John Singer Sargent (1856 – 1925) may well be the last great artist in the academic tradition. He was an American, born in Florence in Italy and who spent much of his life in Europe. He was prolific, painting hundreds of oil paintings and thousands of watercolours and sketches. Painting alongside the Impressionists (and sometimes referred to as one) he has clearly incorporated their sense of shimmering light. He copes well with sunlight and shadow and the balance between general impression and focus on particular detail (especially in regard to foliage). His compositional style is affected, again like the Impressionists, by Japanese landscape prints, and so he generally provides a focus in the foreground, large and near to the viewer. Although, as I mentioned, he is often grouped with the Impressionists, in my opinion he is superior because he retains that balance of focus and soft edge that one associates with a baroque style (the Impressionist tending towards an even blurr).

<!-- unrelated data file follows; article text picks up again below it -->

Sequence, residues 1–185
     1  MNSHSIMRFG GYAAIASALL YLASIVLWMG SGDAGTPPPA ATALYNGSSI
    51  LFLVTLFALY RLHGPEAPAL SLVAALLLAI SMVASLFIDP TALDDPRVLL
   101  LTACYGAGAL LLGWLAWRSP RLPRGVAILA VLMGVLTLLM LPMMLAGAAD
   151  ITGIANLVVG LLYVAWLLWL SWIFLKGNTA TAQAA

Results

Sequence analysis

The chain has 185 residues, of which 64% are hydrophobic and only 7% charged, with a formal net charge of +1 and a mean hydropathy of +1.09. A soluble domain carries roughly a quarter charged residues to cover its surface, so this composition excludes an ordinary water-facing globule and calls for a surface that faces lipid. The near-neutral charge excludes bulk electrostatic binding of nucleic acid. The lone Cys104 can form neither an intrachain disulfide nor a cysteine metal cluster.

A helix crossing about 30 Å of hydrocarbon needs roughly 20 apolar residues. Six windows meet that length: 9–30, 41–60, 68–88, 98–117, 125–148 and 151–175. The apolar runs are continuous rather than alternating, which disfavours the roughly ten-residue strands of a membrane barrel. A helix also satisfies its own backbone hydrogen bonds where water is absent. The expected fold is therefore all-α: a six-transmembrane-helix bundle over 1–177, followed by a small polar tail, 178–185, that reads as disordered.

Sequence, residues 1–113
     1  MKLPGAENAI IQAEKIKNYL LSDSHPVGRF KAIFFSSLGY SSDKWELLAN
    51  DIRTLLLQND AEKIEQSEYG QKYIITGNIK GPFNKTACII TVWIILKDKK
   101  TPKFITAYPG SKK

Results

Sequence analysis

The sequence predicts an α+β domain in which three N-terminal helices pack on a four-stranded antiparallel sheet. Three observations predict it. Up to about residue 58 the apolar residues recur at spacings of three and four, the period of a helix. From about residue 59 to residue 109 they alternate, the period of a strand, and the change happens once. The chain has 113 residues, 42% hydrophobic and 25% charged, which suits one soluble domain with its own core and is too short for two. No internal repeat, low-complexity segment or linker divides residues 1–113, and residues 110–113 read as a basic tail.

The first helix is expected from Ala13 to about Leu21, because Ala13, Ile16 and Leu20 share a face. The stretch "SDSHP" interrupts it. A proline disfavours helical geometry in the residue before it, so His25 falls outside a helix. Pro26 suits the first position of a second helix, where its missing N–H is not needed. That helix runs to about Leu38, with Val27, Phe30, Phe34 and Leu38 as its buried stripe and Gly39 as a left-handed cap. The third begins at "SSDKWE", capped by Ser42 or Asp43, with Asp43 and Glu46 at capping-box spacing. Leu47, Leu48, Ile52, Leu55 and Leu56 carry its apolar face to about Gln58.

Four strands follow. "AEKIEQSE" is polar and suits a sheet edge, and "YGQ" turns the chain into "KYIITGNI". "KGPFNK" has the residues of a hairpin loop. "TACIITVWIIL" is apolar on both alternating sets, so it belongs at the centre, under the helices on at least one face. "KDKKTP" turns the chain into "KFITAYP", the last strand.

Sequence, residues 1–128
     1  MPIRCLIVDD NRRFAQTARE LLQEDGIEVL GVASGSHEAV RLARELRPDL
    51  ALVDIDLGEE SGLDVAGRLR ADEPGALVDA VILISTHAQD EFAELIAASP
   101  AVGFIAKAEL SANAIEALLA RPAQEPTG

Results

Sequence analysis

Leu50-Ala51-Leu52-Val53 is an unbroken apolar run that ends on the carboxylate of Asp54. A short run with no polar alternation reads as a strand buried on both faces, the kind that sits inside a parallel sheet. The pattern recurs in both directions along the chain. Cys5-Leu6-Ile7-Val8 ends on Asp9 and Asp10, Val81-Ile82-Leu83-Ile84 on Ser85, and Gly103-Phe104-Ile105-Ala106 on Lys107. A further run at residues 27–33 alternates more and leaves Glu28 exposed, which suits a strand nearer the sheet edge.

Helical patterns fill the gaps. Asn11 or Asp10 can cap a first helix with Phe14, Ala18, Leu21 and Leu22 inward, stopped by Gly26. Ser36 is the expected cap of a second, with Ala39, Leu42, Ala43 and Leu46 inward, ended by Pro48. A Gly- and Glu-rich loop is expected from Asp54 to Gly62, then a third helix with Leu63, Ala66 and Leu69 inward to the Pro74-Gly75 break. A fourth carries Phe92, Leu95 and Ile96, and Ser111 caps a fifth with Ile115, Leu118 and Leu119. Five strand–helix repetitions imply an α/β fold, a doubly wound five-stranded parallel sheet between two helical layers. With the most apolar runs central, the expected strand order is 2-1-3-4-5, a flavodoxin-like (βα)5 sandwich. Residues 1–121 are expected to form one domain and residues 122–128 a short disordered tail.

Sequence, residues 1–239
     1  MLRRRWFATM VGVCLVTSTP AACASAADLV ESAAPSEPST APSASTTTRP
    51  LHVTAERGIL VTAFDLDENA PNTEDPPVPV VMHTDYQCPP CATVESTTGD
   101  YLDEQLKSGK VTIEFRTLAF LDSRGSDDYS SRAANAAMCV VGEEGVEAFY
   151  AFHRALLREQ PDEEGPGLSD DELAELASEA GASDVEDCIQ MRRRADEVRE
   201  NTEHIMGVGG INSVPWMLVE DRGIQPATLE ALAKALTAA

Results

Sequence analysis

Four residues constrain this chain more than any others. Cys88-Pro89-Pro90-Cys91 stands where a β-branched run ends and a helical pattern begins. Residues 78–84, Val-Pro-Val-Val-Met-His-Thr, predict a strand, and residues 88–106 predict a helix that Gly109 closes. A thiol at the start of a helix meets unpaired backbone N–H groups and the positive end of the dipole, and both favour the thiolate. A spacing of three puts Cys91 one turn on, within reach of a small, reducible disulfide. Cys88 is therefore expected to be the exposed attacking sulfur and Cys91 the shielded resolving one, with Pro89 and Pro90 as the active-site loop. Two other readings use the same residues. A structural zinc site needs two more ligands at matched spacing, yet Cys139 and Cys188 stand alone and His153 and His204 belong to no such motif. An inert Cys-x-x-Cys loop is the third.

The spontaneity of his watercolours is wonderful and because the medium forces him to summarise far more, it gives us an insight into how he looked at what was in front of him.
Interestingly, Sargent had no faith at all, to my knowledge. He is one of those people who just seems to have been naturally open to inspiration in his painting. God inspires whomsoever He pleases!
Sargent was a very popular society portrait painter and his focus on the personalities of those he paints always comes through. His more conventional portraits, incidentally are wonderful too, and you can see why he was in demand, but that’s for another day.